Wayne State to lead Detroit site in new national heart failure study

DETROIT The Wayne State University School of Medicine and Detroit Receiving Hospital of the Detroit Medical Center will serve as a site for a national study that will develop new guidelines for patients released from the emergency room after treatment for suspected acute heart failure symptoms.

Phillip Levy, M.D., M.P.H., professor of Emergency Medicine and associate chair for Research in the Department of Emergency Medicine, will direct the enrollment and engagement core for the entire study, as well as serve principal investigator for the Detroit site.

The overall three-year project, funded with a $2,083,575 grant from the Patient-Centered Outcomes Research Institute, will be overseen by Sean Collins, M.D., of Vanderbilt University.

Dr. Levy, who also serves as the director of the WSU Clinical Research Center – where study patients will follow up – will enroll participants through the emergency room at Detroit Receiving Hospital. He hopes to enroll 200 of the anticipated 700 study participants.

The study, “Get with the Guidelines in ED Patients with Heart Failure,” will seek to address disparities in the discharge follow-up information provided to two groups – patients with suspected heart failure released after hospitalization, and those seen and released from emergency rooms.

More than 1 million people annually are hospitalized for acute heart failure in the United States and more than 80 percent of those patients are initially treated in emergency rooms. More than 200,000 patients, however, are diagnosed as not serious enough for immediate hospitalization and are discharged from emergency rooms. The study’s investigators said their preliminary work demonstrates that the patients going home from the emergency room are many times unsure of their next steps, the medications they should take and when they should schedule follow-up appointments.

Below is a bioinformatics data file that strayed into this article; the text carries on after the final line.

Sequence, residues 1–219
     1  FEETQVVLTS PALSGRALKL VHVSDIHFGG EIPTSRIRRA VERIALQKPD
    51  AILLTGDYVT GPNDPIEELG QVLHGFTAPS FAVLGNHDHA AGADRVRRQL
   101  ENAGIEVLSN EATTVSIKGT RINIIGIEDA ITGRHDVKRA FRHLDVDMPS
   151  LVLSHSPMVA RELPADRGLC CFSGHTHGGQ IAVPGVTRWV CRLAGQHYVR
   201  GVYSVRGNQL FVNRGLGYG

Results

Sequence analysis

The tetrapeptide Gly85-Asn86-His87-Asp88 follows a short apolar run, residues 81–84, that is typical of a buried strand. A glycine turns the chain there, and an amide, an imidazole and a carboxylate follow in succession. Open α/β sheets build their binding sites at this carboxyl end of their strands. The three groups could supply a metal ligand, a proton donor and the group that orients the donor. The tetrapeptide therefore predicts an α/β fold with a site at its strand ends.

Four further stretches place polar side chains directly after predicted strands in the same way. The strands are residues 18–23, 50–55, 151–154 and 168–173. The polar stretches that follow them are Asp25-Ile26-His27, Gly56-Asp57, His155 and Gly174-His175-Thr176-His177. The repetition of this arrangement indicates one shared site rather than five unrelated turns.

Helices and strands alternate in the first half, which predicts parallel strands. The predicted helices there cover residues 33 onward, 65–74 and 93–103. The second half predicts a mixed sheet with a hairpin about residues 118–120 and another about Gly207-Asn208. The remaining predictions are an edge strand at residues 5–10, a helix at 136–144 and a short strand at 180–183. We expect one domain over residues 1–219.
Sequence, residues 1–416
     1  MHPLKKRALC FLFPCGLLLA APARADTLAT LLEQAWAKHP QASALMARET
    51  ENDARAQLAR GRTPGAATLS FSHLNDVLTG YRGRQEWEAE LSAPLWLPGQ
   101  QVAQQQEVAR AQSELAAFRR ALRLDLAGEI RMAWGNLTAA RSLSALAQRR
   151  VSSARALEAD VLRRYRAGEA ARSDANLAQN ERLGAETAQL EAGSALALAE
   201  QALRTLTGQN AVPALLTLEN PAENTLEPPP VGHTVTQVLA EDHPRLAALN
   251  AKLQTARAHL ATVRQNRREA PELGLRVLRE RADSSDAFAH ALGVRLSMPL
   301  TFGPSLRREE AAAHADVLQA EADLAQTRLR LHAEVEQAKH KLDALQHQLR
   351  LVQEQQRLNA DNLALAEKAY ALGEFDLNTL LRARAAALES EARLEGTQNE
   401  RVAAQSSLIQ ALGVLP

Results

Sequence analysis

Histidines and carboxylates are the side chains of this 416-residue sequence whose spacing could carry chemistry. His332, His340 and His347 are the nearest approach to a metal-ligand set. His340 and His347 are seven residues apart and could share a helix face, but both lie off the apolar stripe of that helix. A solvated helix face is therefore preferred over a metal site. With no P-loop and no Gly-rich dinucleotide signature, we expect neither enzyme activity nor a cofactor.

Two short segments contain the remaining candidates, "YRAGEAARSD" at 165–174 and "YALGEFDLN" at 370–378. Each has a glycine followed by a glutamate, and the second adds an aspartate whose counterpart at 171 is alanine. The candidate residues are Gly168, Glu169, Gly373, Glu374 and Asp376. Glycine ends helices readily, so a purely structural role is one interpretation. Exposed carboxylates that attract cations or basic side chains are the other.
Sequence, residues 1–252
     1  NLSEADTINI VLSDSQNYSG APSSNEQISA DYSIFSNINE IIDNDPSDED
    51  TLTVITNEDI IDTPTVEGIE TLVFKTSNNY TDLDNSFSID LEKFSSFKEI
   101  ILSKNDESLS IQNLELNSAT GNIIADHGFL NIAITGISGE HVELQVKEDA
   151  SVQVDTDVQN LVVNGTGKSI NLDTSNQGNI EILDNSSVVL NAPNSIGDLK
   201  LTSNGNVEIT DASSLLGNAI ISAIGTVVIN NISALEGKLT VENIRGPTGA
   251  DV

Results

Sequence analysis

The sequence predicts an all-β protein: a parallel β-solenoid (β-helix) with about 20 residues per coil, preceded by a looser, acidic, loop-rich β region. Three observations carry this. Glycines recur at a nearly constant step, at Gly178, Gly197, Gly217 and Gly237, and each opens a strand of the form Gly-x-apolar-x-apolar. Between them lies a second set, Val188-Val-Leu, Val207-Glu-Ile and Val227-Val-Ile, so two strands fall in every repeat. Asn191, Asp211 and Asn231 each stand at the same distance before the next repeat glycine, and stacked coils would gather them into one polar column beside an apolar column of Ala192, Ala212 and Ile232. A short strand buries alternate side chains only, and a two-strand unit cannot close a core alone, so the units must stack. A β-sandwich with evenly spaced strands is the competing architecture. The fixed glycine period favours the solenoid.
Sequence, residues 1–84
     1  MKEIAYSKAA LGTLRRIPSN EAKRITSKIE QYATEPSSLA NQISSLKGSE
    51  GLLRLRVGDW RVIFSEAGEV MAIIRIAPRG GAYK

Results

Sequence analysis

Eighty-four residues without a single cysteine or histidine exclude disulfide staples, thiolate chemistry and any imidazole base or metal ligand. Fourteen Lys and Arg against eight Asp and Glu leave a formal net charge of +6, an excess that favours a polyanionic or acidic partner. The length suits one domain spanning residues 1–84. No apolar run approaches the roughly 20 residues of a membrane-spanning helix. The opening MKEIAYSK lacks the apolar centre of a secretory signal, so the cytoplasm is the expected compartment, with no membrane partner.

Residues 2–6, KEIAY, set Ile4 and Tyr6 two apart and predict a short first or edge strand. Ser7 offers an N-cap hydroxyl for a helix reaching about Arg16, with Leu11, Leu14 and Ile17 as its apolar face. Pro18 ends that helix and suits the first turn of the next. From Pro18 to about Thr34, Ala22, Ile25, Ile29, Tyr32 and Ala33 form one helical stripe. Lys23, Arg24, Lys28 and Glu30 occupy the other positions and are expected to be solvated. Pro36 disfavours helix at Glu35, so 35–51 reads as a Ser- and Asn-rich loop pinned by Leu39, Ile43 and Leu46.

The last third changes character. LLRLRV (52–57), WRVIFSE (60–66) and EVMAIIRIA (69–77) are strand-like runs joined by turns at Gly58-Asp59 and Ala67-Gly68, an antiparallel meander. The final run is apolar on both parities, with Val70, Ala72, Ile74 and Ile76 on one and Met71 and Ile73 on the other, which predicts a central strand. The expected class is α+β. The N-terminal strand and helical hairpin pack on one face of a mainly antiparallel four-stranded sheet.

Patients who are hospitalized, in contrast, undergo pre-discharge consultations explaining this information, and in addition, often receive it in writing. Implementing similar procedures with emergency room patients has never been examined.

The investigators will implement the American Heart Association’s Get With The Guidelines–Heart Failure program at the study sites. The program is a national initiative of the AHA designed to improve care through consistent adherence to treatment protocols. According to the association, numerous studies have demonstrated the program’s success, including reductions in 30-day readmissions for acute heart failure.

The study sites will place a “transition nurse coordinator” in emergency rooms to implement the Get With The Guideline protocols and educate patients before they are discharged. The researchers will examine whether the practice reduces disparities in emergency room and hospital revisits and deaths in patients discharged from emergency rooms. They also will consider improved outcomes in the patients’ quality of life, heart failure knowledge and overall satisfaction.

Study participants will be followed through social media and semiannual meetings to determine how to improve the study process. The study is being conducted in coordination with the AHA and the results will be disseminated through its quality improvement channels.


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